Filming the Footy
If you’re reading this, I guess that, for you, watching big football moments like the Euro Championship or the World Cup, is a cinematic experience. A story told on a screen. At just over an hour and a half the narrative arc of a game plays out across much the same timescale as an average feature film. And although the constraints are very different, cameras are cameras and their vocabulary is structured by their capabilities: to come in close, to sweep across space, to focus on everything in their field or to blur out all but the centre of interest. What is a football game, considered as a film?
During the World Cup in 2018, each game in Russia was filmed, simultaneously, by 37 cameras. You can see their layout in this diagram:
No feature film would use so many. But a feature film director would spend weeks or even months shooting, rejecting footage, retaking, constructing. The game is edited live, in the heat of the unpredictable moment, by a team in a screen-banked command base in Moscow receiving feeds from all (or many) of those cameras, and selecting which will be shown, at any given moment, to you. Still, the strategies used are shared with feature-films. Even as the game is played, its story is constructed. Spare a thought for the complexity of the task.
Although Jean-Luc Godard once expressed the opinion that film-makers had much to learn from sports reporting, in some ways the game narrative is pretty conservative, not to say predicatable. The story must start with an establishing shot:
Long, wide, high-angle, to make sure that the audience understands that all-important geography.
Mid-shots (to give a sense of intricate action):
and even close-ups will follow, but the long shot will always come first. The editing will be on movement (not surprisingly, since games tend to move as a block in one or the other direction) and usually onto someone who was already centre screen (again, not surprisingly, since the camera follows the ball.) The basic rules of continuity are followed almost without reflection. The 180 degree rule, which film-makers often prefer imaginatively breaking, is absolute law for editors here.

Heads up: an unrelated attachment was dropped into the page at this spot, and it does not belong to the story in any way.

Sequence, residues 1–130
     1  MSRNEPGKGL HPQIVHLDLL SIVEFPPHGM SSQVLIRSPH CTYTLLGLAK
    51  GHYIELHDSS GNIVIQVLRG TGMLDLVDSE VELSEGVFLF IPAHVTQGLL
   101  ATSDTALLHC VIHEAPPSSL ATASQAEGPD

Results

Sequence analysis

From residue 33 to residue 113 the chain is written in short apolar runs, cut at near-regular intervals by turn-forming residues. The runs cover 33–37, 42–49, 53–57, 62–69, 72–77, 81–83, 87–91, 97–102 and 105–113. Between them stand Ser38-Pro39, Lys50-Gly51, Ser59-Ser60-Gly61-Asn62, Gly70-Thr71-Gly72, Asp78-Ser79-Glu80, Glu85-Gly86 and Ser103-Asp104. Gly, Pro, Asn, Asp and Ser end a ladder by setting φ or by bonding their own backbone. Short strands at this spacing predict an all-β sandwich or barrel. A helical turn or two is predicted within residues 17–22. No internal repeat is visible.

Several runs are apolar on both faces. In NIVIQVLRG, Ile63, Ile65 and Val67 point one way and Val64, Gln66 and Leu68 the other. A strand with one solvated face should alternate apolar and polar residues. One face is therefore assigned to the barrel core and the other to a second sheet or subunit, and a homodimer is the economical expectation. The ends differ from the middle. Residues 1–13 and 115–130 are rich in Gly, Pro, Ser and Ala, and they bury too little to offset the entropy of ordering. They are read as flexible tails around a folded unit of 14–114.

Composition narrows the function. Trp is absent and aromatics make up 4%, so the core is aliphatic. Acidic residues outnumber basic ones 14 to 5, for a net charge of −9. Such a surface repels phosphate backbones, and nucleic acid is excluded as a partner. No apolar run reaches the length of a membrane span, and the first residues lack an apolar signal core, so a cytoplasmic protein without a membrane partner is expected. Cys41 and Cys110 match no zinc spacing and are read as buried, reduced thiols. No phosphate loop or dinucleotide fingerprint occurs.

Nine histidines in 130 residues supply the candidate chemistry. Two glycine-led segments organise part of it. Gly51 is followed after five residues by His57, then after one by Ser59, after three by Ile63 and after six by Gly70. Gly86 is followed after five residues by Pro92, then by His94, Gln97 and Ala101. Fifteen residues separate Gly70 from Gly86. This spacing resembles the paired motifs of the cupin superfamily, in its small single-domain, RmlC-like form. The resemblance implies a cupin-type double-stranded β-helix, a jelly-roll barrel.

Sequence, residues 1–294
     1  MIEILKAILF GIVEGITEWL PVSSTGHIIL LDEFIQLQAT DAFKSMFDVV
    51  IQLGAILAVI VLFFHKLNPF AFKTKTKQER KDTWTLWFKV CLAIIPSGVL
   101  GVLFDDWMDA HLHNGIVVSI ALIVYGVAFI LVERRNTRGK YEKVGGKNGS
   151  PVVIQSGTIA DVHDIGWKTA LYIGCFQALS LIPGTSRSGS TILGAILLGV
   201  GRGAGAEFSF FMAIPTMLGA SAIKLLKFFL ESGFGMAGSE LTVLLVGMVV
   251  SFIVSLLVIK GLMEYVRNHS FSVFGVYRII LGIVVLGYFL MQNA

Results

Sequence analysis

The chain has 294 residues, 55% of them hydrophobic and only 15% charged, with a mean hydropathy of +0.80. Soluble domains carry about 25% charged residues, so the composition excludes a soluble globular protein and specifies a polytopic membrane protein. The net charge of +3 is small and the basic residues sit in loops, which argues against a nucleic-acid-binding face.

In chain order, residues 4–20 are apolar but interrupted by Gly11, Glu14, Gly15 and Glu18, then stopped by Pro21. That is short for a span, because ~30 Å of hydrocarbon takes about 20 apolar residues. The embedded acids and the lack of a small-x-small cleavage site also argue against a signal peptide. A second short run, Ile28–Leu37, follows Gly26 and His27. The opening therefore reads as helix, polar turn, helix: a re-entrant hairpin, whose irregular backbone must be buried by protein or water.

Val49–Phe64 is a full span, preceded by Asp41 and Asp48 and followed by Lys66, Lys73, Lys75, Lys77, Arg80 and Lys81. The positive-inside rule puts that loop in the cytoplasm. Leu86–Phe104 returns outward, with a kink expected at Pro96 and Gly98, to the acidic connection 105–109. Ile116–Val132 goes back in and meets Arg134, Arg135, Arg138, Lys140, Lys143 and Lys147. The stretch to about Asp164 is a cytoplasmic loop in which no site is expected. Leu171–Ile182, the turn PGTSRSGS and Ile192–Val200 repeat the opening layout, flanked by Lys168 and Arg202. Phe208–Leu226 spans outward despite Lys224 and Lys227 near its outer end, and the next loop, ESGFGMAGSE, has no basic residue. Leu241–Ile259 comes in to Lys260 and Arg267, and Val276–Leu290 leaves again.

Close-ups give a bit more scope for changing audience experience. After all, the point of a close-up is personal relations. When the camera focuses on their faces, players become characters, with emotions and personalities.
Close-ups change the focus and the tone: those long-shots have to be deep and clear, so that you can see what the goalie's doing at the other end of the pitch: but the close-up blurs out all but the star of the moment. Watch who gets the close-ups. Just as with feature films, they document a star system in development.
All this is very standard film-construction, with distance, long-shots and understanding at a premium over involvement. Close-ups are relatively rare, because they take time. But within the flow of the game there are fleeting moments when the editors can become film-makers, staking all on creativity, rhythm and involvement. Those moments are the flashbacks. The game has paused, they can select footage - still at lightning speed: a couple of minutes is the maximum for a flash-back montage. But footage, can be slowed down, angles can be changed (even, very occasionally, across the 180 degree line). Dramatic camera movements can be tried - the cable cam curving in over the heads of the players, for example, and down to the goal. There are a back-of-goal cameras, with their netting designs (and, here, coincidental mise en abyme).
While waiting for the VAR decision which overturned the Iranian goal against Spain at the World Cup in 2018, the camera team even experimented with split screen for emotional effect, observing the replay, and simultaneously, the players' tension and reactions in the crowd.
The footage from those 37 cameras represents a vast, unused stash of possibilities. With the benefit of hindsight, and time to reflect, could it be made to tell a different story?